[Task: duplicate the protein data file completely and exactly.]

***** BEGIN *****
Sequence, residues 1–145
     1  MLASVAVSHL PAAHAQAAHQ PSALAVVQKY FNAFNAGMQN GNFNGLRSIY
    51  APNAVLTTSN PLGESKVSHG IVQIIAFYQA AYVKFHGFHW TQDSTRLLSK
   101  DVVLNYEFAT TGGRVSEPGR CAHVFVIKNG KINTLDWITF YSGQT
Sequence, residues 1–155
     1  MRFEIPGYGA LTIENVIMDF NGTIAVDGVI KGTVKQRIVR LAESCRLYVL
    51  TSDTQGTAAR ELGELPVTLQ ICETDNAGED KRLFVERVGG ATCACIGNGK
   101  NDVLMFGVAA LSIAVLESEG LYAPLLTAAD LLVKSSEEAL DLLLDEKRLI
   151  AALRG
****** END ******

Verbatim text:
Sequence, residues 1–145
     1  MLASVAVSHL PAAHAQAAHQ PSALAVVQKY FNAFNAGMQN GNFNGLRSIY
    51  APNAVLTTSN PLGESKVSHG IVQIIAFYQA AYVKFHGFHW TQDSTRLLSK
   101  DVVLNYEFAT TGGRVSEPGR CAHVFVIKNG KINTLDWITF YSGQT
Sequence, residues 1–155
     1  MRFEIPGYGA LTIENVIMDF NGTIAVDGVI KGTVKQRIVR LAESCRLYVL
    51  TSDTQGTAAR ELGELPVTLQ ICETDNAGED KRLFVERVGG ATCACIGNGK
   101  NDVLMFGVAA LSIAVLESEG LYAPLLTAAD LLVKSSEEAL DLLLDEKRLI
   151  AALRG